The second Freeride World Tour stop in Golden, British Columbia finally went off on February 5th. A huge snowstorm threw off the start date, which created some nervous chatter that the stop would be canceled like in Hakuba. On Monday, the clouds parted ways, giving the mountain a mystical glow feel. Spectators were lined up along redemption ridge, eager to watch some of the best skiers and snowboarders charge the steeps of Kicking Horse. The Ozone looked unreal - it was an untracked venue full of many epic lines to choose from. The Ozone face was a permanently closed area beforehand, so the opening was a huge score for both the FWT and locals.Photo by Andrea Byrne
The venue featured many technical, rocky runs with huge cliffs and chutes to hit. Throughout the day plenty of sharks were revealed under the snow, which most likely hindered many tricks being thrown down. No backflips were seen, only threes. Occasionally a cloud of fog would roll in, briefly halting the competition due to visibility. Overall Ozone proved itself to be an amazing venue for the Freeride World Tour.
Both the men and women's snowboarders threw down impressive runs. Davey from Homer, Alaska was by far the standout out the snowboarders. I have personally never seen a rider go so big on a run - it could have rivaled the ski men's side of the competition. He finished first with 88 points and was stoked at the finish well after his run. "This smile could never be wiped from my face," he said, while smiling.
Women's Ski Results
The women's ski competition was amazing to watch. It was clear that many rocks were being uncovered as the competitors skied through technical parts of their runs. Eva Walkner walked away with another first-place finish after she was the only female to ski to looker's right. She immediately hit a double cliff followed by another technical cliff air - to which she stomped both. Arianna Tricomi finished in second after an incredible no-hesitation run that led to a technical chute and finished with a huge air. In third place was Canada's own Kylie Sivell, after she skied an incredibly fluid line that ended with a huge air at the bottom. Elisabeth Gerritzen, Jackie Paaso and Rachel Croft all skied through insanely technical and sharky areas with huge airs but didn't quite make the podium. Hazel Josie Birnbaum and Lorraine Huber both had amazing lines planned, but neither was quite able to land their airs. It looked as though Hazel might have caught an edge on a rock and Lorraine might have gone bigger than she anticipated.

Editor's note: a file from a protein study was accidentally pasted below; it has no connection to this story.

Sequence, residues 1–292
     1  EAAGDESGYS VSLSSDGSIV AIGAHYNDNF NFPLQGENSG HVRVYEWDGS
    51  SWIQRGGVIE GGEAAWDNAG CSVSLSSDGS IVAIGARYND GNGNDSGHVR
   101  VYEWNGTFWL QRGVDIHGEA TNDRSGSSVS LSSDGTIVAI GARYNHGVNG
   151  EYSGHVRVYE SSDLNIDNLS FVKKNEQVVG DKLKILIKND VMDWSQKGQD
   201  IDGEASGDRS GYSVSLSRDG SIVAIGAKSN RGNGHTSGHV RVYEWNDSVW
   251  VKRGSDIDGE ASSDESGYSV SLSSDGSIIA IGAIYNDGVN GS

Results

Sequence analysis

Men's Ski Results
The entire men's ski competition was insane to watch. Every skier went HUGE. Logan Pehota skied to win - he ended with a well-deserved first place of 98 points, one of the highest scores in FWT history. He started with a huge three, went to a double cliff and finished with a puckering send right off the nose of a spine. Even Drew Tabke jokingly said, "I was wondering why you looked so nervous, I would be too if that was my line." Logan unarguably deserved first after his full-throttle line, but the other podium places could have gone to anyone.
Markus Eder finished with second place after stomping a three at the top followed by a fluid line that took advantage of every feature offered. Ivan Malakhov received a third place. My hands were a bit too cold to write down anything about his run, but I do believe it ended in an awesome double cliff. Other standouts include Flex Wiemers, who looked like he landed on top of a tree but skied away. Yu Sasaki, a Japanese rider based in Revelstoke, went from a huge cliff air at the beginning of his run to straight-lining a good portion of the venue. Berkeley Patternson, the young-gun rookie from Crystal Mountain landed in fourth place after stomping some sketchy airs. However, the most memorable run was from George Rodney, who sent it to the moon. He was the only rider to ski to the looker's far left, which featured a massive cornice followed by the venue's largest cliff. He hit both. The avalanche debris from the cornice bobbled his run at the start. "I messed up on the other part of my run so I just went for it," which in George Rodney terms means to send a 100-foot cliff. "I felt like I was flying!" He had a bit of a bomb hole at the bottom but was able to stand up and ski down to the finish line. The run was awarded ten whole points.
The next Freeride World Tour competition will be on February 6th, in order to make up for the Hakuba stop. As soon as today's competition was over the riders headed back up the gondola to visually inspect the venue Truth or Dare, which is the current face for the 4* qualifier event Wrangle the Chute. Two days of competing is no easy feat, so best of luck to the riders tomorrow. Stay tuned for the next FWT write up tomorrow and congrats to all of the competitors today.